The third question deals with “security by any means or through any way?” All the principal documentation of the Neighborhood Policy is based on speeches concerning “shared burden,” “mutual responsibility,” “common interest,” and “close cooperation.” The basic ideology adopted by this policy lies in the fact that “interdependence” is the cause as well as the solution for all the common cross-border security threats. Therefore, the EU will be able to manage the issues that arise within its external borders only if it works closely with its neighboring countries (9).
The new policy includes a “more for more/offer more to get more”7 approach based on “positive conditionality” (Behrm 2012, 18). In other words, this means that if partners introduce more democratic reforms, they will receive more financial and integral benefits. The matter that symbolizes the criteria for financial allocations must reflect the principle of equal differentiation and preferences for all neighbors, wherein it is their performance upon which they are evaluated rather than any other geopolitical interests of the EU.
However, the incentive-based approach and “more for more” conditionality proved the fact that the incentives were not enough to create a commitment to reform in the absence of real political will.
The new European Neighborhood Policy would not be workable unless it truly cares for human rights. In the past, it has favored the short-term stability of authoritarian states at the expense of the legitimate rights and aspirations of peoples. Hence, the credibility of the EU and its member countries is undermined (Lehne 2014, 10). Consequently, upon readopting the old approach—namely, the silent European collusion with despotic authoritarian regimes to gain, in return, cooperation in controlling their citizens and extreme religious tendencies—is something that concerns the EU most. This approach will tarnish the concept of democracy in the southern Mediterranean countries and jeopardize the democratic progress in the years ahead. The real challenge is to reach harmonization between the declared principles of the EU, on the one hand, and its actions and short-term interests, on the other. Accordingly, the EU has to support the choices of people who favor human rights and democracy.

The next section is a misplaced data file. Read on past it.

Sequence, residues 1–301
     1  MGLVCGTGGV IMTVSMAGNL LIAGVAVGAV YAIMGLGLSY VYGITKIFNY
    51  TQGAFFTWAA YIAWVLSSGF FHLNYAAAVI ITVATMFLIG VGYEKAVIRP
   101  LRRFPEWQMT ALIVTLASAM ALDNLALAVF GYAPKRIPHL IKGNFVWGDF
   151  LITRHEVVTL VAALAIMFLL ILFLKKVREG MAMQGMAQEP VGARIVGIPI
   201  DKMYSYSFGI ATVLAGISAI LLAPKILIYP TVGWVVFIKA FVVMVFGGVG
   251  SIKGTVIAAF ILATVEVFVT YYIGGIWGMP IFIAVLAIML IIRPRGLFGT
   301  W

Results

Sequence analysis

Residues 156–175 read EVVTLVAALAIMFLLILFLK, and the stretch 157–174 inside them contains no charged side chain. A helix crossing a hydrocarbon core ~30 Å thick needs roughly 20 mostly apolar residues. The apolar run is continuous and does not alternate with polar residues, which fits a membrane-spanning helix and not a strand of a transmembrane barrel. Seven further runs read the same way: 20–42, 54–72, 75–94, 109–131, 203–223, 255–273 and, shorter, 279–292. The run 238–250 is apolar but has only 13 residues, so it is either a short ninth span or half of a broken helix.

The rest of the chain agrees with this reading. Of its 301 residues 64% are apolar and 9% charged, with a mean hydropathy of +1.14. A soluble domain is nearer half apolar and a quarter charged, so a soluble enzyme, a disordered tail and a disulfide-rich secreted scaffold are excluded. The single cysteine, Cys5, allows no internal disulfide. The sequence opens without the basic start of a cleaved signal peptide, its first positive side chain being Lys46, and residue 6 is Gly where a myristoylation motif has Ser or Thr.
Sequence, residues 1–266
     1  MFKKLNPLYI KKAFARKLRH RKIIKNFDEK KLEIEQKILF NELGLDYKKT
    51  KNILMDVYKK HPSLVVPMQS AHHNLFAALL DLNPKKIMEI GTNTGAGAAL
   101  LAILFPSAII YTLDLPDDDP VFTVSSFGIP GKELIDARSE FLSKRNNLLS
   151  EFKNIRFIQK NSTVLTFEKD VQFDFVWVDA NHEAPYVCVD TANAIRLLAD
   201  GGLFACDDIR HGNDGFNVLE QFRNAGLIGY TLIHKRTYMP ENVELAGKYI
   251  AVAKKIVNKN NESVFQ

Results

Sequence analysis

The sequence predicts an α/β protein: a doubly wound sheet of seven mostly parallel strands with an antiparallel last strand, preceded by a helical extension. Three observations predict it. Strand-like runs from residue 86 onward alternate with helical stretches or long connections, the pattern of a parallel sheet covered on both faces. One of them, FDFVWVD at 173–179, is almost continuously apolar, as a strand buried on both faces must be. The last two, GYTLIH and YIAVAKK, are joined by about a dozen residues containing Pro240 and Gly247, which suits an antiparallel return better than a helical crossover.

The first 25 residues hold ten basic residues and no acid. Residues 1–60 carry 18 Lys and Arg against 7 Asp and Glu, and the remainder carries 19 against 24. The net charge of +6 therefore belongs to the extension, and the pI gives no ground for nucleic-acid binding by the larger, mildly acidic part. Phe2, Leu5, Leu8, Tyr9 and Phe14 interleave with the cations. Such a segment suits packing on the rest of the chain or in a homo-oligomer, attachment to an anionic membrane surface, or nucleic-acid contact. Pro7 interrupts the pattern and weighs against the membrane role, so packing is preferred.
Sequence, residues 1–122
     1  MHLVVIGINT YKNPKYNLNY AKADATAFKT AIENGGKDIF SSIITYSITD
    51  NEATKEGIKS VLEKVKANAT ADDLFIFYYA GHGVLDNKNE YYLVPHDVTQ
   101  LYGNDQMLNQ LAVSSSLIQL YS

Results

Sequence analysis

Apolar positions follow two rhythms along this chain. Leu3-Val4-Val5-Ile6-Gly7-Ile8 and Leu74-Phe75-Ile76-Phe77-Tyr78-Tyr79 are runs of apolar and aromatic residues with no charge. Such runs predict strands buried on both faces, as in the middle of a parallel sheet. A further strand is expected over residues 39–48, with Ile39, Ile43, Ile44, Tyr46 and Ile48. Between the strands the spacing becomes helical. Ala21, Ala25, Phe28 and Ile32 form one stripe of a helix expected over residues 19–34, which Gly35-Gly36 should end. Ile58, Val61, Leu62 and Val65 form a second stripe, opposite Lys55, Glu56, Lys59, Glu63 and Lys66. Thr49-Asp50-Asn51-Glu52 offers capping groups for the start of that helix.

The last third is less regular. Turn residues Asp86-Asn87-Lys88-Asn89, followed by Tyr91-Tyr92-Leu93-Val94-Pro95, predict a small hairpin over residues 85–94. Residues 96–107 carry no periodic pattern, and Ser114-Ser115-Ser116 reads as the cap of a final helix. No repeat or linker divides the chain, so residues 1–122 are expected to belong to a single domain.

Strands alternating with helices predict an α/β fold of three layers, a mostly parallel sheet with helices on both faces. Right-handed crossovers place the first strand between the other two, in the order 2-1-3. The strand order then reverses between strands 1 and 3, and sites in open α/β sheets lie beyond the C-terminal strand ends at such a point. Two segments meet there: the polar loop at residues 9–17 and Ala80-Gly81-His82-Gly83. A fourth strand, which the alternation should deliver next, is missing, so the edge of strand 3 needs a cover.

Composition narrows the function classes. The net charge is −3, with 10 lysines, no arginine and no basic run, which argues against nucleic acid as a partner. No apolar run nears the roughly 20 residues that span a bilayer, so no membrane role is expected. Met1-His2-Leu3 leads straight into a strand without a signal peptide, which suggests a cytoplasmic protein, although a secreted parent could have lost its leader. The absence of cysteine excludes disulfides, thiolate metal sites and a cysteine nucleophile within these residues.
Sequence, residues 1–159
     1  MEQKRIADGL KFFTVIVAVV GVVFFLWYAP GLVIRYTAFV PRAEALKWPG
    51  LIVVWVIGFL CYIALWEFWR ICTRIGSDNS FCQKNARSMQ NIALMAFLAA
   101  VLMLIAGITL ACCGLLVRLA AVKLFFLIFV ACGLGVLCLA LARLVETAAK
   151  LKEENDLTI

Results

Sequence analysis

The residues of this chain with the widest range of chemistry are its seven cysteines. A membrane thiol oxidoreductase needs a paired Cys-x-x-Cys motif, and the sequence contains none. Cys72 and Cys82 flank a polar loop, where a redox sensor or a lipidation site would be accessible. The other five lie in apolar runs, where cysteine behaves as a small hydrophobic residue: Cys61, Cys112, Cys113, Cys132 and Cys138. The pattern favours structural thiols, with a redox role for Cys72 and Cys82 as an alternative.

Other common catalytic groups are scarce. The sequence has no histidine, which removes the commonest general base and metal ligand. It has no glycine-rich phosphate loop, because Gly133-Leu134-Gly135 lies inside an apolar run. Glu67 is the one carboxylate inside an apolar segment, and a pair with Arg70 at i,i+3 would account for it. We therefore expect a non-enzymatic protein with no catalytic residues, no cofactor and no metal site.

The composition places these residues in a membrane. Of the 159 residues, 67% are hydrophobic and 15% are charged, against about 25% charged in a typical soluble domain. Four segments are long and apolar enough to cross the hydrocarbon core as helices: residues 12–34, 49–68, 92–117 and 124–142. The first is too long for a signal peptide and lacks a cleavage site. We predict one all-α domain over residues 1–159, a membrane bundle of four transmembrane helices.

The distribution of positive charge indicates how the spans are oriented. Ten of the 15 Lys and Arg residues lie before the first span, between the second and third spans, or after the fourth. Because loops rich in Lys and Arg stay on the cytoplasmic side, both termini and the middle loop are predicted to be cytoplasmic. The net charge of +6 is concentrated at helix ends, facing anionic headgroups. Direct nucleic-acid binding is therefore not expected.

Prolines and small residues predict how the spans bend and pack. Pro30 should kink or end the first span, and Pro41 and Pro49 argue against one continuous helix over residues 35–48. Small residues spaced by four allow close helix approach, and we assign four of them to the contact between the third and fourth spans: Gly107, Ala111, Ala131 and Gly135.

The EU strives, through the Neighborhood Policy, to control the negative effects of the neighborhood on its security that emerged as a result of the enlargement that it instituted. Therefore, there is a necessity to widen the distribution of liability on both sides of the lines of separation, namely, the EU and neighboring countries. This could be achieved through the institutionalization of the borders, through their management in a way that involves others and leads to shared responsibilities in accordance with special discriminatory standards and by pushing the “nearby neighborhood” to confront threats which the whole region faces. As a result, the Arab Maghreb countries, in particular, have become the EU’s border guard. However, sharing this burden will not be achieved without the establishment of a “joint ownership” principle, as well as assuring actual involvement of the Mediterranean partners in defining the common legal and judicial security agenda of the Mediterranean.